T HE state-run news agency Agence Khmere de Presse (AKP) is expected to receive $2 million from the government to upgrade its unsophisticated services, the agency's General Director Sum Mean said.
The money was part of a $5 million pledge from the state reserved fund to modernize the government information channels, including radio and television to boost their capability in releasing information, he said.
It is yet to be seen when the money will be disbursed, however Mean said that the project to revamp AKP has already been given the greenlight from the government.
He said that the project's first stage, early next year, was to install within his department a computer network worth about $400,000. All of the agency's ten provincial offices - with three more to be set up in Koh Kong, Mondulkiri and Svay Rieng provinces - will be hooked to the main headquarters on modem telephone lines.
With nearly 300 people working in it, the agency produces daily bulletin in Khmer, French and English languages from ten computers - a modern technology introduced only six years ago to replace typewriters.
While only four of them are connected to two available UPS, the rest are running on the risk of power surges from the on-and-off electricity supply in Phnom Penh. The agency doesn't have its own printing house and the bulletin is printed on a Roneo machine which is about 30 years old.
Viewing the present conditions his agency is operating under, Mean said that it is yet to deserve the name of a "national agency", let alone be competitive with private agencies.
"Competing for information is a necessary factor like a human's need for rice to eat. We want our national agency to be strong, effective and able to spread news to all corners of the world," he said.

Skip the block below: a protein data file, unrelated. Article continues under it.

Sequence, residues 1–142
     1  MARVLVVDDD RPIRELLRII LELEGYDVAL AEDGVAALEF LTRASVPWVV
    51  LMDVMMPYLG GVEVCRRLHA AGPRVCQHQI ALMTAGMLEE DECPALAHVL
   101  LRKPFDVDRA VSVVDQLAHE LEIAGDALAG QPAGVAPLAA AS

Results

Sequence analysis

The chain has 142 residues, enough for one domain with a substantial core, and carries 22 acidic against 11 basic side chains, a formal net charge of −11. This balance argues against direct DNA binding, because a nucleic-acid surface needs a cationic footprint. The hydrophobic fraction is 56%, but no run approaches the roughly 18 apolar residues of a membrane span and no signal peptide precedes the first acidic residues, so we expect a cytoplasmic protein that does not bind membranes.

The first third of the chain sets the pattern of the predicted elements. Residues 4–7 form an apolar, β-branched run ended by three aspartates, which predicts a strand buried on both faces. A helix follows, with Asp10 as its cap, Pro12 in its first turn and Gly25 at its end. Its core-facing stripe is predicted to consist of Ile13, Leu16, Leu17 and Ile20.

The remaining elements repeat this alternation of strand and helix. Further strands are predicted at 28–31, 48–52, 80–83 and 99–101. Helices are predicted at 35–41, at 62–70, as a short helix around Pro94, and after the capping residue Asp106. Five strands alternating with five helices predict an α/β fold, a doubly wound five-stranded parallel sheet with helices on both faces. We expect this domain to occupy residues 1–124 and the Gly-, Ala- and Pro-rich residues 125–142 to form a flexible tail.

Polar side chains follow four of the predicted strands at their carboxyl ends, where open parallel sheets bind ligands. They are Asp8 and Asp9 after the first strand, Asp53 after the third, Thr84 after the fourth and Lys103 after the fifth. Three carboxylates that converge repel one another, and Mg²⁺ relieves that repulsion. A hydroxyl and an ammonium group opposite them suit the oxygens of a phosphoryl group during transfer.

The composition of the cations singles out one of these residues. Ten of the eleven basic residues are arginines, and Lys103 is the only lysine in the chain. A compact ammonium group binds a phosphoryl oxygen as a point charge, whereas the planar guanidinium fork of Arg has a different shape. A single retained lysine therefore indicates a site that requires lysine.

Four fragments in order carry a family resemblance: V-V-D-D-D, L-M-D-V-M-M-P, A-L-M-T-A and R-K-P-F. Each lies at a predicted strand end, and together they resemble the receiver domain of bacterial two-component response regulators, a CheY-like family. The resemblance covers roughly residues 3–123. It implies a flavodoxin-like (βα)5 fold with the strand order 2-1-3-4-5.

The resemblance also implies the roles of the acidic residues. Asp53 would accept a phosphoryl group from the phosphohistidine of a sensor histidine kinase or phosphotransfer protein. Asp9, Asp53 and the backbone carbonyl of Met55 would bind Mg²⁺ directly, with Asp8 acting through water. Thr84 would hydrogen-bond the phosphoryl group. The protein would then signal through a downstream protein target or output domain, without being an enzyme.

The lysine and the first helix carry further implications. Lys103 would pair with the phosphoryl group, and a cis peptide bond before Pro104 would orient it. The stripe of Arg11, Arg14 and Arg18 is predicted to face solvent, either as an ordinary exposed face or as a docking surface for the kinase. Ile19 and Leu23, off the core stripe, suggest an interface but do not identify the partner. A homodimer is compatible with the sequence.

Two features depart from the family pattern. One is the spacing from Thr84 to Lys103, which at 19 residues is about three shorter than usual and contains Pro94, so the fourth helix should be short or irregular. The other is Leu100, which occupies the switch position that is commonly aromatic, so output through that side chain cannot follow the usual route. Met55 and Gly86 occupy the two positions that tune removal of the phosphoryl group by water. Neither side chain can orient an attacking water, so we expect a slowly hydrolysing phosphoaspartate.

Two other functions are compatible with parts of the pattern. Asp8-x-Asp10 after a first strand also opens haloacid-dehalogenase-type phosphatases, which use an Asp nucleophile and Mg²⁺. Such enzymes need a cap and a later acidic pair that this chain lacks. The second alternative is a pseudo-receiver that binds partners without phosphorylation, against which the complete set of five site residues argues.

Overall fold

The Ministry of Information's representatives nationwide gathered for a two-day meeting (Dec 20-21) to discuss the poor budgetary and technical conditions they are facing. The meeting ended with the government acknowledging the problems and setting out more plans.
The ministry has plans to instal FM radio stations in all provinces and cities between 1996-2000. On Nov 21, the ministry and the Japanese aid agency JICA signed a $20 million grant to build a new broadcasting center inside the ministry's compound.
Training staff is also part of the master plan which, according to the report, will boost the effectiveness of a national information network to counter the flood of "negative news" about Cambodia.
Sum Mean said that for AKP to become effective, the state-owned information channels must be allowed to operate with some autonomy by using incomes generated from their activities to finance future programs.
"That does not mean all staff do not have to be paid by the government. But, it is a part of opening up of the national economy and it will enable people to be more creative in their work," said Mean.
Speaking at the conference, Second Premier Hun Sen backed the idea and asked the information and finance ministries to study ways for its implementation. "I think the solution of economic autonomy can be brought up... Incomes they [information channels] earn will improve their standards... and enable them to equip themselves step by step," he said.